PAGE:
I gave up bread for Lent, which has been a huge pain in the ass because bread is a major component of pretty much everything I think is delicious. I'm the girl who snags a loaf of warm, fresh-baked french bread from the bakery at the beginning of a shopping trip and ends up throwing a practically empty bag on the check-out belt. I have zero self control, which is why I figured it would be a challenge and sacrifice to give up.
I cut out not only just bread, but also flour tortillas (killing me), biscuits, pancakes, waffles, English muffins, buns of the dog and burger variety, bagels, naan, pita, and all pastries. The upside is that since Ash Wednesday, which was on February 22, I've lost five pounds. The downside, and probably the reason I've lost five pounds, is that it's sometimes hard to find something to eat, especially in a pinch when a sandwich would be handy.
While perusing the web for bread substitutes, I found this recipe for Cloud Bread, which the author described as "...a delicious home-made bread replacement that is practically carb free and very high in protein. They are just like heaven so I call them clouds..." Ingredients? Just four: Eggs, cream cheese, cream of tartar and a packet of artificial sweetener.
WTF? How could anything that even sort of resembles bread come from this?
Out of sheer curiosity and the convenience of having all the ingredients handy, I got crackin' on my very own cloud bread (now nicknamed "mother-effing witchcraft" in my house).
- 3 eggs, separated
- 3 tablespoons of cream cheese
- 1/4 teaspoon of cream of tartar
- 1 packet of artificial sweetener
- Preheat oven to 300 degrees.
- Separate eggs very carefully. Be sure not to get any yolk in the whites!
- In one bowl, mix together the egg yolks, the cream cheese and packet of sweetener.
- In another bowl, add 1/4 tsp cream of tartar to whites and beat on high until whites are fluffy and form stiff peaks, like you would when making a meringue.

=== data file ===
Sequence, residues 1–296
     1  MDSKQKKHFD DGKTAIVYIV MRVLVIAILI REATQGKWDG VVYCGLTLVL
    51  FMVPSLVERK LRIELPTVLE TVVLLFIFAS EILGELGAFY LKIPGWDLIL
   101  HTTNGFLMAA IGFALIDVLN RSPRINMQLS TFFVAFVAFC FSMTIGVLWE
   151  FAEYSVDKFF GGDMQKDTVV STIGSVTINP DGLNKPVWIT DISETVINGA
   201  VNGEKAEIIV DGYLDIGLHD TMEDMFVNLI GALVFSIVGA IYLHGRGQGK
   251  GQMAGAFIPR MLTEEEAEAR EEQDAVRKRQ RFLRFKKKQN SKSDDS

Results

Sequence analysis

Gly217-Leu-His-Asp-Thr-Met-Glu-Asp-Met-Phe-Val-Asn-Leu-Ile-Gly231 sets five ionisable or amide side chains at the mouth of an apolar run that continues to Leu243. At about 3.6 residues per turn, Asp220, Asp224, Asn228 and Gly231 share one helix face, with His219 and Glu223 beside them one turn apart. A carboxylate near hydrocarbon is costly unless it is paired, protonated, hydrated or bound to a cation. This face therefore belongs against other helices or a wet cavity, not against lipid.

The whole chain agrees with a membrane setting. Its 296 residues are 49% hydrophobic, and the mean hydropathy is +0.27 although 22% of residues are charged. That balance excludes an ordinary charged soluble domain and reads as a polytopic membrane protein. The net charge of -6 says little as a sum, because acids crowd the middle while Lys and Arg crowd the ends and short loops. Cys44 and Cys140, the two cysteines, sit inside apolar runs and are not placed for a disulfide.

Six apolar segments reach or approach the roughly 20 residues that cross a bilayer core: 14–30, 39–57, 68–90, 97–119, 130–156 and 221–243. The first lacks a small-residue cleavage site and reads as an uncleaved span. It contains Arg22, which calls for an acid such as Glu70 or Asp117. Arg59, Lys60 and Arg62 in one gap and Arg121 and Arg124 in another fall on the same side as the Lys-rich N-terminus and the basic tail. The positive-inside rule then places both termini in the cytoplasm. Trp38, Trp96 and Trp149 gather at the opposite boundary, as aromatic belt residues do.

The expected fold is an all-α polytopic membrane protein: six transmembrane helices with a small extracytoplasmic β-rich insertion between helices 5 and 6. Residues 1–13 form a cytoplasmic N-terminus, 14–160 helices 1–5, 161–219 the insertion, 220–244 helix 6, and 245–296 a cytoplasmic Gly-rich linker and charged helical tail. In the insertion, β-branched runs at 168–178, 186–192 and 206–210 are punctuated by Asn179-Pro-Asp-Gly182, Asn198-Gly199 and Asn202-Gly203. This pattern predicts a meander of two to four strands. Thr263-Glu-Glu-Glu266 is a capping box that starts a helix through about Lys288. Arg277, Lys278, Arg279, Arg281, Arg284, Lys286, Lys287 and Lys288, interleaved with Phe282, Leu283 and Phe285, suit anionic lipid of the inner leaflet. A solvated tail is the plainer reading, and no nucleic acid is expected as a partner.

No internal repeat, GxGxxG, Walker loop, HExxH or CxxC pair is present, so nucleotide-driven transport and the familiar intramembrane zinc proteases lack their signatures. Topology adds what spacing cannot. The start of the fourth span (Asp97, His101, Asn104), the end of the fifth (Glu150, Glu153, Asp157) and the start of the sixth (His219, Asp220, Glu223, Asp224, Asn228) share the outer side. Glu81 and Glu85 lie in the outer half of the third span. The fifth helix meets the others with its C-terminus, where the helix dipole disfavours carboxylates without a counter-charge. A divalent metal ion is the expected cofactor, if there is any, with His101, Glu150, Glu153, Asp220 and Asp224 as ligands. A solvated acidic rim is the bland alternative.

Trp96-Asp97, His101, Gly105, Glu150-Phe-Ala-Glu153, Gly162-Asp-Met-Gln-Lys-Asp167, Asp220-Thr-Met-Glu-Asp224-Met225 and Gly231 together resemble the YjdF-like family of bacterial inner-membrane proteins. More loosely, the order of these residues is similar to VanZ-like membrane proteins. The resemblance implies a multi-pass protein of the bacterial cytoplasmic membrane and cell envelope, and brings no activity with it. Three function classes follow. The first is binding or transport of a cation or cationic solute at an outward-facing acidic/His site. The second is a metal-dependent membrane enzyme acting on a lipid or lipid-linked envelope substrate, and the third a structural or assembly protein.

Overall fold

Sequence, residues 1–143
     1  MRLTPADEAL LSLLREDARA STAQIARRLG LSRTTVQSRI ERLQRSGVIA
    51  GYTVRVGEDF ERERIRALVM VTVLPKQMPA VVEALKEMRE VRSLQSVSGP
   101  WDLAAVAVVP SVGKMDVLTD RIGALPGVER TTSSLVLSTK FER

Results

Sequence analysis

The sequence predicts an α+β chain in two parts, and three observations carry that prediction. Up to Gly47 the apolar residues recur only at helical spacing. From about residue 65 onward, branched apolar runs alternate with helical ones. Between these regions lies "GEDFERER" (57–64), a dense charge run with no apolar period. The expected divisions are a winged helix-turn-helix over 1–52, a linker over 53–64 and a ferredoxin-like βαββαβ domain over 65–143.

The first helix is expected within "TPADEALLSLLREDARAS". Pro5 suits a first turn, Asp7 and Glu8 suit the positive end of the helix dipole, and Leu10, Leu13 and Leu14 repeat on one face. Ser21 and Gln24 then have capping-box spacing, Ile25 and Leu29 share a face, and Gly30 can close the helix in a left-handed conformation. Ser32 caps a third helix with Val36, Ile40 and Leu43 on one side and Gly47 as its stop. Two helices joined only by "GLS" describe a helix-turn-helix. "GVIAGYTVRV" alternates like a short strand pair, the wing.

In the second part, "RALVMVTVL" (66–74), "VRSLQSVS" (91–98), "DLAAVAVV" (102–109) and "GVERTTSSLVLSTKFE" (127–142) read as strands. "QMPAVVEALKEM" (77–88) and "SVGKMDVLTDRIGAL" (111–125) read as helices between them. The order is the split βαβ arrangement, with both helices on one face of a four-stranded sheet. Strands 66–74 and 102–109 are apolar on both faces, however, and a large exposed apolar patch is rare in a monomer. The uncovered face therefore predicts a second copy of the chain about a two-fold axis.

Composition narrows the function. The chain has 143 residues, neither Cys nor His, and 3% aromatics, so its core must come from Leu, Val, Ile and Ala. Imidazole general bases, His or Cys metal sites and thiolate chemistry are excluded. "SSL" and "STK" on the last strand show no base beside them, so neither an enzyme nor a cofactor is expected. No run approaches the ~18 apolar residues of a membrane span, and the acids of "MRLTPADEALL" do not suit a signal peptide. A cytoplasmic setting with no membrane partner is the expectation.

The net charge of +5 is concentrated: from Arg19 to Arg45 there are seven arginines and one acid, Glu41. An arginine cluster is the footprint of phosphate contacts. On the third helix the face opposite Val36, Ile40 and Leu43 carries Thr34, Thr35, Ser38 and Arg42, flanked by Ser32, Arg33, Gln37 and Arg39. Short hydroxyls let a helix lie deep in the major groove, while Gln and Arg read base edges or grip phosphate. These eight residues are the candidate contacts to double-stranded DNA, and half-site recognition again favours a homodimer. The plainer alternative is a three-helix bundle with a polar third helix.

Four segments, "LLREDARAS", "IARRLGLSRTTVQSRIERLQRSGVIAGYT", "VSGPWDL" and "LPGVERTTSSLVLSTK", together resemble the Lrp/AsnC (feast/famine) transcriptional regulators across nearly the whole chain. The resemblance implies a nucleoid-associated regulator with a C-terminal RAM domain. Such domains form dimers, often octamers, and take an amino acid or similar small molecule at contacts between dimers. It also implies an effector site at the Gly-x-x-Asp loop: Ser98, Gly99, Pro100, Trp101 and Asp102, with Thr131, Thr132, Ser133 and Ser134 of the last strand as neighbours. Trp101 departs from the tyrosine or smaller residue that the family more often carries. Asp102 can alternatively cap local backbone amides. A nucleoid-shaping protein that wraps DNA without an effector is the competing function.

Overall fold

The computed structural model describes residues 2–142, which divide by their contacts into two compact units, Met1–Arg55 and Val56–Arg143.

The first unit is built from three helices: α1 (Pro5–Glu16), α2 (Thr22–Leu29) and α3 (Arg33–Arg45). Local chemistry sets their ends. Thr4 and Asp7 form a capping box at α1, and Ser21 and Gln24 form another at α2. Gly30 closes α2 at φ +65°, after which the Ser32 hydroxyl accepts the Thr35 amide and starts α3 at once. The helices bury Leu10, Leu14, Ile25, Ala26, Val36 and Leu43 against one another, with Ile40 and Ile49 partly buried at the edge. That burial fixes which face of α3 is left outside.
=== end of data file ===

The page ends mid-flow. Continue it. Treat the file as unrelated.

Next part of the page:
- Carefully fold yolk mixture into egg whites until mixed, but don't break down the fluffiness of the whites.
- Spray a cookie sheet with cooking spray and with a large spoon, scoop the mixture onto the cookie sheet into about six even rounds about the size of a hamburger bun.
- Bake on middle rack for about half an hour. It might take a few minutes more or a few less, but keep an eye on them until they're a nice, golden-brown color. While they're baking, your kitchen will seriously smell like bread. It's bizarre.
- When done, remove from the cookie sheet and allow to cool.
- When the little rounds are completely cool, seal them in a Ziplock or airtight container overnight. They'll be ready to eat in the morning.
Out of curiosity, you might be tempted to snack on them just out of the oven, but try to hold off until the next morning. While they're a little crumbly when warm, a little like meringue, they completely change texture overnight. They get soft, fluffy, and much more bread-like. After a day, store in the fridge and before you're ready to eat, let them sit out for a while to get to room temperature.
No, it's not bread, and wouldn't pass for it in a taste-test, but it's a pretty good little substitute if you're trying to avoid the white, processed stuff. I don't think they're quite sturdy enough to use in place of a hamburger bun, but go for it if you're feeling experimental and wouldn't mind dirty fingers. So far, my favorite way to eat them is with a little strawberry preserves on top for breakfast but I'd like to mix it up a bit, maybe throw some cayenne or other spices in there and see how they turn out.
Would you give this flourless cloud bread recipe a shot, or do you think it just sounds weird? Did you give anything up anything for Lent? If so, how's it going? Are you sticking with it or allowing yourself a "cheat" day? Let us know in the comments section.
Keep the Houston Press Free... Since we started the Houston Press, it has been defined as the free, independent voice of Houston, and we would like to keep it that way. Offering our readers free access to incisive coverage of local news, food and culture. Producing stories on everything from political scandals to the hottest new bands, with gutsy reporting, stylish writing, and staffers who've won everything from the Society of Professional Journalists' Sigma Delta Chi feature-writing award to the Casey Medal for Meritorious Journalism. But with local journalism's existence under siege and advertising revenue setbacks having a larger impact, it is important now more than ever for us to rally support behind funding our local journalism. You can help by participating in our "I Support" membership program, allowing us to keep covering Houston with no paywalls.